Intellectual property (IP) assets are essential to running your business and protecting those assets is vital. Why? Your IP, such as trademarks, are valuable, and it is easy to inadvertently lose some or all of your company’s rights to them. A business must identify what IP assets they own and know how best to protect them.
What is Intellectual Property?
Understanding the different types of intellectual property will help you protect these intangible assets of your business. There are four main types of IP assets a company may own:
- Copyright: A copyright is the right to copy. It protects original works of authorship such as books, art, and other creative works. Software generally falls under copyright protection. A copyright gives the rights holder the exclusive right to reproduce, adapt, distribute, perform, and display the works.
- Trademark: A trademark is a word, phrase, logo, or other sensory symbol used to distinguish a particular manufacturer or seller’s products or services from others.
- Patent: Patents protect inventions. They give the patent holder the right to exclude others from making, using, marketing, selling, offering for sale, or importing an invention for a specified period. While a patent grants you the exclusive right to use the invention within a country during that period, you have to disclose how the invention works to obtain that protection publicly.
- Trade Secret: A trade secret is a formula, process, device, know-how, or other business information that is confidential to maintain an advantage over competitors. A well-known trade secret is for Coca Cola’s famously secret formula.
One of the most common issues your company’s IP rights face is within its contracts’ intellectual property section. This section defines aspects such as who owns what intellectual property assets, any licenses are given, any use restrictions, or how the other party may use your trademarks.
Companies often default to language granting them the rights to all intellectual property created by a contractor providing services. If not appropriately worded, this can include “background intellectual property.” The background intellectual property is the assets produced by a contractor before providing services under a particular contract. Suppose background IP rights are given to another company. It can prevent the contractor from using the assets in future work with other clients.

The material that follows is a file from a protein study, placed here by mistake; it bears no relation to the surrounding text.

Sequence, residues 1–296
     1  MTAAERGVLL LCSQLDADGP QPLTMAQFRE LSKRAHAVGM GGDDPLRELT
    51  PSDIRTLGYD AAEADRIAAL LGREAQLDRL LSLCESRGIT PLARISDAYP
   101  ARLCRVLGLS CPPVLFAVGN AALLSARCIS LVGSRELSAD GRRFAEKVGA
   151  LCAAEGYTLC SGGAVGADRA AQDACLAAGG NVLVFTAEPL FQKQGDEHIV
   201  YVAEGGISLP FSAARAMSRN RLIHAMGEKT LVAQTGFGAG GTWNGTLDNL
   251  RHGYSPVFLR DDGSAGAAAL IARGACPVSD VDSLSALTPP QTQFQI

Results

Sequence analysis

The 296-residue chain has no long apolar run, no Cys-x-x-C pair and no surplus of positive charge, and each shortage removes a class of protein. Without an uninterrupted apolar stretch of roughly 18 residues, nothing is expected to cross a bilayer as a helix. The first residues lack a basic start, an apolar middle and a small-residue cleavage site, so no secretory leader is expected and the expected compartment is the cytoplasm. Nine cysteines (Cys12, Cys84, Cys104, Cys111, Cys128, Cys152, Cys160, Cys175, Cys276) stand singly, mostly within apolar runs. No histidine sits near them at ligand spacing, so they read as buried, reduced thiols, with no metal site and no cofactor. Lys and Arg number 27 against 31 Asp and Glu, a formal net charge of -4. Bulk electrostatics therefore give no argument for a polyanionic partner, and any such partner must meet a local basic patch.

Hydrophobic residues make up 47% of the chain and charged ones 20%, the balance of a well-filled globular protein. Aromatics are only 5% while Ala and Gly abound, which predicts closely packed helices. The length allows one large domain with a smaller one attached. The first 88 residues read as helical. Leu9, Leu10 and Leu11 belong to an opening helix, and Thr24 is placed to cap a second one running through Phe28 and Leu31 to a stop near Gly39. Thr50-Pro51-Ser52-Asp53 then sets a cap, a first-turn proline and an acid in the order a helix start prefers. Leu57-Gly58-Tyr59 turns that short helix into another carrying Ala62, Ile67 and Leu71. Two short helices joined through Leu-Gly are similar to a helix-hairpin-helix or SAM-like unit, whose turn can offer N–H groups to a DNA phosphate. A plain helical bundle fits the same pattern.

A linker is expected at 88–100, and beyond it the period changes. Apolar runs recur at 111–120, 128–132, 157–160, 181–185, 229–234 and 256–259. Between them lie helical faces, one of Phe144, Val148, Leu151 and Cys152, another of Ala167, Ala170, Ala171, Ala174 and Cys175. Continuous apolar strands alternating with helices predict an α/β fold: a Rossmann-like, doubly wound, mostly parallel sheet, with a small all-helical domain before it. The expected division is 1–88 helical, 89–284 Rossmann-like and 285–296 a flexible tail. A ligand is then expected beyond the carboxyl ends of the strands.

Another IP concern in contracts is your trademarks. Often a company puts in a contract the ability to use your company’s name or product name in their public client list and marketing materials. Though this can be a useful advertising tool for both businesses, it is also a potential liability to the trademark owner. The use of trademarks must be consistent with protecting your company’s trademark rights. Failure to do so can chip away at your mark’s value and protection. It is important to include language in contracts to protect your company’s trademark’s use to avoid issues such as trademark erosion and loss of value.
Even outside of contractual transactions, consistent use of a trademark is vital in protecting your company’s rights and brand. Suppose your company or others incorrectly use your mark. In that case, it can lead to trademark erosion or “genericide.”
Genericide is when a trademark has become the generic term for a general class of product or service because of its popularity or significance. Famous examples of generic names that were once trademarks are trampoline, escalator, and aspirin. Vendor compliance, employee awareness, avoiding using your trademark as a verb, and creative marketing can help prevent your trademark erosion.
Open Source Software
With large companies like Microsoft increasingly embracing open source initiatives, open-source software is more prevalent than ever. Open source means software for which the source code is made freely available and may be redistributed and modified. It can be a handy and efficient tool to utilize existing open-source software to meet your business’ needs.
However, it would help to take note of the exact licensing terms of the software your company is using. Some open-source licenses have no restrictions. Some require simply stating what open-source software package was used. In contrast, others force any software to become open source, also called Copyleft. Many older open-source licenses are Copyleft and should be avoided to keep what your business creates proprietary. It can help create a list of all open-source software that your company utilizes and its licensing requirements.
Protecting your intangible assets is extremely important for any business strategy. Trademarks, copyrights, and patents help to formalize and protect your IP, which can have both an immediate and strategic effect on your business’ position and competitive advantage in the marketplace. Don’t risk losing your company’s intangible assets. Make sure your IP is protected through well-written and knowledgeable contracts, avoiding trademark erosion, and noting licensing terms of open source software.
You are not alone – Speak with an attorney to discuss your business’ strengths and risks for intangible assets, intellectual property, formalized contacts, and much more. Contact us at 425-250-0205 or firstname.lastname@example.org.
Legal Disclaimer: This article contains general information. Do not view this article as legal advice. Talk with counsel familiar with your unique business needs before taking or refraining from any action.